Amateur Antennas

Dipole Antenna:
Simple and widely used, consists of a wire or tubing cut to half the wavelength of the desired frequency, requires two supports, often trees or masts, can be oriented horizontally or vertically.

Yagi-Uda Antenna (Yagi):
Directional antenna with high gain, consists of a driven element and several parasitic elements (director and reflector), excellent for point-to-point communication.

Vertical Antenna:
Suitable for limited space, typically uses a vertical radiating element above a ground plane, ground-mounted or elevated (e.g., on a rooftop).

Loop Antenna:
Forms a closed loop of wire, can be tuned for specific frequencies, compact and effective for limited space.

Log-Periodic Antenna:
Wideband antenna with elements of varying lengths, suitable for multiband operation, directional characteristics.

Wire Beam Antenna:
Variant of the Yagi-Uda antenna using wire elements, can be more easily constructed and adjusted than a Yagi.

Hex Beam Antenna:
Compact directional antenna with a hexagonal shape, provides good performance with a small footprint.

Ground Plane Antenna:
Simple vertical antenna with radials forming a ground plane, suitable for handheld transceivers or mobile installations.

Quad Antenna:
Similar to a Yagi but with a square shape, provides good gain and directivity.

Rhombic Antenna:
High-gain, multi-band antenna, typically used for long-distance communication.


When choosing an amateur radio antenna, consider factors such as the frequency bands you plan to operate on, available space, local zoning regulations, and your specific communication needs. Additionally, factors like antenna height, orientation, and feedline type can influence the performance of the antenna system. Experimentation and testing are often part of optimizing antenna performance for a given location and operating conditions.


Vertical Antennas

Vertical antennas are popular choices for HF (high-frequency) bands in amateur radio due to their simplicity, ease of installation, and effectiveness for certain types of propagation. Here are some common HF vertical antenna options and the bands they are commonly used on:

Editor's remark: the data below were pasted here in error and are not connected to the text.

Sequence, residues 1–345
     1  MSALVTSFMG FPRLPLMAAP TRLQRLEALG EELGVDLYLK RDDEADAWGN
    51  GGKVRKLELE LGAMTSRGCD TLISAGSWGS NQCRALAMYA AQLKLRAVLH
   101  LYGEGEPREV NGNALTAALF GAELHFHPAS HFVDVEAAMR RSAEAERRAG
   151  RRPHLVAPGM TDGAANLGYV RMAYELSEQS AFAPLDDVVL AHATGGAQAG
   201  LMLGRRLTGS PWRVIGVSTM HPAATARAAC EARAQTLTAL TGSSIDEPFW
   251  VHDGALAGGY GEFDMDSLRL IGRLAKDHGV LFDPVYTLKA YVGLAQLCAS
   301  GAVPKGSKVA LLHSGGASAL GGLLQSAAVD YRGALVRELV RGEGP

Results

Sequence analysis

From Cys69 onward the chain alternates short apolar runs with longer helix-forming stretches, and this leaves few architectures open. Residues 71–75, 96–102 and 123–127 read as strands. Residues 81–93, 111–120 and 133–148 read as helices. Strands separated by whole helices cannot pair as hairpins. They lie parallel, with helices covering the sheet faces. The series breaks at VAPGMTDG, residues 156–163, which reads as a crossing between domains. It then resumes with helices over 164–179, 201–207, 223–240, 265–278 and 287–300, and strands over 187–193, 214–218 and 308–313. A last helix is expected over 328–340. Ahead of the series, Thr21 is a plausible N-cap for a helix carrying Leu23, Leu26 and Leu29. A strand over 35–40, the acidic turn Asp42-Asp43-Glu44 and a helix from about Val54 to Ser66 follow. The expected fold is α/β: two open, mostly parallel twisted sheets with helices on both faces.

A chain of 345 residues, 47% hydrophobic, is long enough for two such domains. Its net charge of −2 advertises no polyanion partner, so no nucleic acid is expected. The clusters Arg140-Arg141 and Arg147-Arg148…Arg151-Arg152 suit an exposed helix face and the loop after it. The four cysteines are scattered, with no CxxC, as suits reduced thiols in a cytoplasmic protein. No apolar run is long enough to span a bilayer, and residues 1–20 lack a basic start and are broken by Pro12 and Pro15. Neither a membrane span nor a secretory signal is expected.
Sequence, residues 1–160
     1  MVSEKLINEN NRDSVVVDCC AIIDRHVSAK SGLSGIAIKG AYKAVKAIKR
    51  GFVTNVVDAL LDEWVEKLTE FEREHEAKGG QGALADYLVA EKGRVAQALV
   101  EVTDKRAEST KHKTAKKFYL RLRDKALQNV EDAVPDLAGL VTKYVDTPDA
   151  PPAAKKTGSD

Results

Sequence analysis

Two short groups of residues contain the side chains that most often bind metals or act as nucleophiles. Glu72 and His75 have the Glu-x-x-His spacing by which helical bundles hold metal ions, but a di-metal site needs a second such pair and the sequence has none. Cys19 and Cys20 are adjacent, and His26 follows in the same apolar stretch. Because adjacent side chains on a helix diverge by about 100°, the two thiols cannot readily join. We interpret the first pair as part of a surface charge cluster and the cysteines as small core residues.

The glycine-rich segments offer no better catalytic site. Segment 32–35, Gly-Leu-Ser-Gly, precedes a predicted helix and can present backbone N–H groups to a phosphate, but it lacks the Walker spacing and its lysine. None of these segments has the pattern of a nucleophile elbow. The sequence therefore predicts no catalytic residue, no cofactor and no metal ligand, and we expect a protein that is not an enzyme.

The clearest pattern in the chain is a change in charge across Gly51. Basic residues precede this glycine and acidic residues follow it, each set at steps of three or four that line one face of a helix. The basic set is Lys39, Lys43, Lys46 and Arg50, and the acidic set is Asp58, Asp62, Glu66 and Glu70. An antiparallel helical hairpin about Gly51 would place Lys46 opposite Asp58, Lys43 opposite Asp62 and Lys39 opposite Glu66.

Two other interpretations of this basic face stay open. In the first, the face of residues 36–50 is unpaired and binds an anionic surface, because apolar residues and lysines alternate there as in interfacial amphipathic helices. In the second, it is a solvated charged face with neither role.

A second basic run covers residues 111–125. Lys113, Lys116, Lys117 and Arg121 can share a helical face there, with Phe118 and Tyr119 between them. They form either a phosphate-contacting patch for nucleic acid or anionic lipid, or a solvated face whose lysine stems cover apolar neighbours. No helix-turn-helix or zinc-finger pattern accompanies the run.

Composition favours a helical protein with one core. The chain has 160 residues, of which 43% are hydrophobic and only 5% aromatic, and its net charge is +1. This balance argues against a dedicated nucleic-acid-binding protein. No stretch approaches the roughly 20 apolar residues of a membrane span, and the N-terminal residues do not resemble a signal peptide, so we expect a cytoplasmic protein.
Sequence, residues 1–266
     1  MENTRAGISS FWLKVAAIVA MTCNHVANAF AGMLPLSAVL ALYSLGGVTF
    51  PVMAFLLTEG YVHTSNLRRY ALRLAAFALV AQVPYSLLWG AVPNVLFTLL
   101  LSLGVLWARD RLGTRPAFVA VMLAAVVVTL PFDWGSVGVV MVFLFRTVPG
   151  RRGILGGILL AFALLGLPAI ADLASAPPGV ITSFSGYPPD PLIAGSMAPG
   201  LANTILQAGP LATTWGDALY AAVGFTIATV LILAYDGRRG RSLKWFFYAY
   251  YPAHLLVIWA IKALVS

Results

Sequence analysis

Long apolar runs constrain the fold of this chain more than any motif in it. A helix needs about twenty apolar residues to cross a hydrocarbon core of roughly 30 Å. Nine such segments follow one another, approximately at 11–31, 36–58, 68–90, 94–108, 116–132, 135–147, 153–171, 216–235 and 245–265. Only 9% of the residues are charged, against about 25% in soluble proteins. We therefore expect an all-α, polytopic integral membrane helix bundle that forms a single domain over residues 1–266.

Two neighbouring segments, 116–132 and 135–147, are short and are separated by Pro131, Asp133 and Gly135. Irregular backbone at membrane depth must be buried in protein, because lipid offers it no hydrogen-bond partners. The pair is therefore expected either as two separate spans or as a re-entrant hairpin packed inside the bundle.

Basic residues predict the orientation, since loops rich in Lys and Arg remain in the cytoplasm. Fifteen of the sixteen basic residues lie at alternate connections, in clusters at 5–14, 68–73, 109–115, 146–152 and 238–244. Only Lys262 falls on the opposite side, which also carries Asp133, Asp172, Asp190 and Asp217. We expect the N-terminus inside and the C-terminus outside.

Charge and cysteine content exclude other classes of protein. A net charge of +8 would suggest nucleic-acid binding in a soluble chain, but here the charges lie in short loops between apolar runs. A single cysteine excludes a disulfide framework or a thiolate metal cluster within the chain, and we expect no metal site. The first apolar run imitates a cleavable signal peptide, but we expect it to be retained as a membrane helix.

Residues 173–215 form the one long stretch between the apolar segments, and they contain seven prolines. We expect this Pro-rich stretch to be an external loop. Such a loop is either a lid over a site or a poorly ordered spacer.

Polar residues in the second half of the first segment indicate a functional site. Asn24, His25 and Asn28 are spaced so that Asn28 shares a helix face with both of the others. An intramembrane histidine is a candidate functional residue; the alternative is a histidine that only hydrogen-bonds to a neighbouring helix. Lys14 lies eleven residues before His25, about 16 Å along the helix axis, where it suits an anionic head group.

Ground-Plane Verticals:

Frequency Bands: Typically used on 10 meters, 15 meters, and 20 meters.

Description: Ground-plane vertical antennas are relatively simple antennas that consist of a vertical radiator and radials that are mounted on or near the ground. They are efficient and easy to construct.

Quarter-Wave Verticals:

Frequency Bands: Can be designed for various bands, commonly used on 40 meters and 80 meters.

Description: A quarter-wave vertical antenna is a vertical radiator approximately one-quarter of a wavelength long. It often requires a good ground system for optimal performance.

Vertical Dipole Antennas:

Frequency Bands: Can be designed for various bands, commonly used on 20 meters, 40 meters, and 80 meters.

Description: A vertical dipole consists of two vertical elements, each one-quarter wavelength long, arranged in a dipole configuration. It is sometimes called an “inverted L” antenna.

Multiband Vertical Antennas:

Frequency Bands: Designed to cover multiple bands, such as 10 meters through 80 meters.

Description: These antennas are often designed with traps or other matching networks to allow operation on several bands. They offer the advantage of covering multiple bands with a single antenna.

End-Fed Half-Wave Antennas:

Frequency Bands: Can be designed for various bands, commonly used on 20 meters, 40 meters, and 80 meters.

Description: An end-fed half-wave antenna is a single-wire antenna that is resonant on a specific band. It is often used in a vertical or sloping configuration.

Vertical Yagi Antennas:

Frequency Bands: Various bands, depending on the design.

Description: While Yagi antennas are typically associated with horizontal configurations, there are vertical Yagi designs, especially for VHF and UHF. They can be used on HF bands for specific directional applications.


When selecting a vertical antenna for HF bands, it’s important to consider factors such as available space, ground conductivity, and the desired bands of operation. Additionally, an efficient ground radial system is often crucial for the performance of vertical antennas. Experimentation and tuning may be necessary to achieve optimal results for a specific location and set of operating conditions.

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